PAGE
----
Great benefits for physical and mental health
Anastasia Cunningham, Health Coordinator
Believing that lifting weights will make them bulky and muscular, many women tend to shy from weight training, instead burning up the cardio sessions. But researchers are finding that strength training offers immense benefits for women. And it won’t make them muscular at all.
If you suddenly picture your body looking like a female bodybuilder, remember they spend several hours in the gym, lifting heavy weights and many take supplements and steroids specific to muscle building.
Weight training does, in fact, have great benefits for a woman’s overall physical and mental health. Among other things, it reduces body fat, increases lean muscle mass, burns calories more efficiently, increases metabolic rate, increases bone density, improves flexibility and balance, improves mood, reduces fatigue and stress and improves overall strength and stamina.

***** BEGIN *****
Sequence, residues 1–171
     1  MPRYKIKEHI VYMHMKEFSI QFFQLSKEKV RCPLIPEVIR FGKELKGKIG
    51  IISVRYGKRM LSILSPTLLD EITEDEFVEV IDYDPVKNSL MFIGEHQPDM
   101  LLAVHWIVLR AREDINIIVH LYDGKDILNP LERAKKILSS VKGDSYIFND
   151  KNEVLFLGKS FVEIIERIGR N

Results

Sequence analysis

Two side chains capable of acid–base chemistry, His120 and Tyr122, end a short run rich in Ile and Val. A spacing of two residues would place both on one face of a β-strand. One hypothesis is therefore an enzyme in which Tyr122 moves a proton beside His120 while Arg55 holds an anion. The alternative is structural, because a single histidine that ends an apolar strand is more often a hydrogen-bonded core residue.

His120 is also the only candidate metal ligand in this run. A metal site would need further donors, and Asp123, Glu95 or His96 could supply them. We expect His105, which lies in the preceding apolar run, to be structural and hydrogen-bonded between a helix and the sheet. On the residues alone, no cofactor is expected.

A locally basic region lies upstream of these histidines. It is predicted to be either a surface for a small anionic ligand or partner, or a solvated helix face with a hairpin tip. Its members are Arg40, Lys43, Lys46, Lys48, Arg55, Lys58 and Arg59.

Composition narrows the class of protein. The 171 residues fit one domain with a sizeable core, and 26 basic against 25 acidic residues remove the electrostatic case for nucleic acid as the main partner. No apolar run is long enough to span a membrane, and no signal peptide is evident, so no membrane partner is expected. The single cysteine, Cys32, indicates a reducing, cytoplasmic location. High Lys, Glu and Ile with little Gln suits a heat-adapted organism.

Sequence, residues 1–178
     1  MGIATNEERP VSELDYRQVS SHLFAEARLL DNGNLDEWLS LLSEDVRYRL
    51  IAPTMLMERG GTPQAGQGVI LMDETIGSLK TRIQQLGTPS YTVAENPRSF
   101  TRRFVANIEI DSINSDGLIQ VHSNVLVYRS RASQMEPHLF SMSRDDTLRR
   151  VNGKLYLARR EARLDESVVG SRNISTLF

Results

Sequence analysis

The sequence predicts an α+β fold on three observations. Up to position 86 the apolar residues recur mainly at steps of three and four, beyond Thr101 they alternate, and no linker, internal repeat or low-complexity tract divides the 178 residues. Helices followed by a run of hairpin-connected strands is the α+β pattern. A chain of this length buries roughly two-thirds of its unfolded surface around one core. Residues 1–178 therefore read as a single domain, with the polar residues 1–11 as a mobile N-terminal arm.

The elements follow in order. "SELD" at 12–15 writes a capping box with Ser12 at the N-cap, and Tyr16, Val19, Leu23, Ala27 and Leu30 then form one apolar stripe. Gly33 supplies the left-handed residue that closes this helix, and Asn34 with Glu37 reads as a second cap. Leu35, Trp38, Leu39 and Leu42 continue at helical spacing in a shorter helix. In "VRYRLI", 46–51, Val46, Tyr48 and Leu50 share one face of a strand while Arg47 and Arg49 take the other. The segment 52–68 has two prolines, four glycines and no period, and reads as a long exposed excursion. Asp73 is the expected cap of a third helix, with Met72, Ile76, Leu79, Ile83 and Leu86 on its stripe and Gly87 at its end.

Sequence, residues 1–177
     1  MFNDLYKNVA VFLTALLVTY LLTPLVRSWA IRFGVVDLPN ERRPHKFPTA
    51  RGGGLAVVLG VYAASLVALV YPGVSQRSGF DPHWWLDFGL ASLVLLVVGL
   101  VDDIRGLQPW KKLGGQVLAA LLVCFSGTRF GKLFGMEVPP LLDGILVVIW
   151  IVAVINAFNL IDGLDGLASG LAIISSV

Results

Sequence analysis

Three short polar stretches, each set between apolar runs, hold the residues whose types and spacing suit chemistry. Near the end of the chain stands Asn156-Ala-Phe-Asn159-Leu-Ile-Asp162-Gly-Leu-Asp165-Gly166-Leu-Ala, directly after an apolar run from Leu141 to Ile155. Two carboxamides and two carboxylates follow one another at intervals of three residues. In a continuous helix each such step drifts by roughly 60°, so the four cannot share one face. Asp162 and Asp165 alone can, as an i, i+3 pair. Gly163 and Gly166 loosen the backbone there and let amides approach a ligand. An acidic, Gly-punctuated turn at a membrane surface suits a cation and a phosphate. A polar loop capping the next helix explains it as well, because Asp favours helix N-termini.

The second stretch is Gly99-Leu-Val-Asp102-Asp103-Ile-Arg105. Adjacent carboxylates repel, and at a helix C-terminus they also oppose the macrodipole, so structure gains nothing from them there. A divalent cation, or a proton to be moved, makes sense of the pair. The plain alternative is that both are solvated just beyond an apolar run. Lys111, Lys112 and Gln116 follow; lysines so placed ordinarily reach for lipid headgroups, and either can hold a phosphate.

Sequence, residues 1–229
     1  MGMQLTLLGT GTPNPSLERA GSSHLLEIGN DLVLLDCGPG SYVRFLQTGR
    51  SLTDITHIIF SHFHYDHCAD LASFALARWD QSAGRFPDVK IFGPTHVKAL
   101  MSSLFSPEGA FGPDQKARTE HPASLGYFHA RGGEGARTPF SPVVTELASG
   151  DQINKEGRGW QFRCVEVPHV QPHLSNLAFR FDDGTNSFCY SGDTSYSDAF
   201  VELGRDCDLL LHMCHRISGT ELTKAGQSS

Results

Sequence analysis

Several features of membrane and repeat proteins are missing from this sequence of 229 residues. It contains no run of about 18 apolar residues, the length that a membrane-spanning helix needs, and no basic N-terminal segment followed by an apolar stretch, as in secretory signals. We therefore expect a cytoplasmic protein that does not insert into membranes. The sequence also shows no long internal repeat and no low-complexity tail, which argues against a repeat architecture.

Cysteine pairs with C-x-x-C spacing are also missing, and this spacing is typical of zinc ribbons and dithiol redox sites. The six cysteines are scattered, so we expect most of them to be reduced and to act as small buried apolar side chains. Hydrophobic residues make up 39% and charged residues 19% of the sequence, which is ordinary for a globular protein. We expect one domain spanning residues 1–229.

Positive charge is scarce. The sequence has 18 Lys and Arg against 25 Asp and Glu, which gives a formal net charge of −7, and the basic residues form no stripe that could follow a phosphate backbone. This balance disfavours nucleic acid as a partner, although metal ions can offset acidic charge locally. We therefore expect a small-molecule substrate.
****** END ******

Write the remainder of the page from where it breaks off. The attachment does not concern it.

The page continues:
Strength training is the perfect way to change a woman’s body composition, giving her more muscle definition. A lean, toned, firmer body will be the result. And which woman doesn’t want that?
Experts are advising that women need to challenge their bodies for much better results. In fact, the benefits of weight training far outweigh those of cardio (aerobic exercises).
For women who go to the gym, talk with your fitness instructor about adding strength training to your routine, and learn proper form and techniques. For those who work out at home, get advice and instruction from a fitness expert, buy workout DVDs that specialise in weight training and visit a fitness-equipment store to purchase what you will need.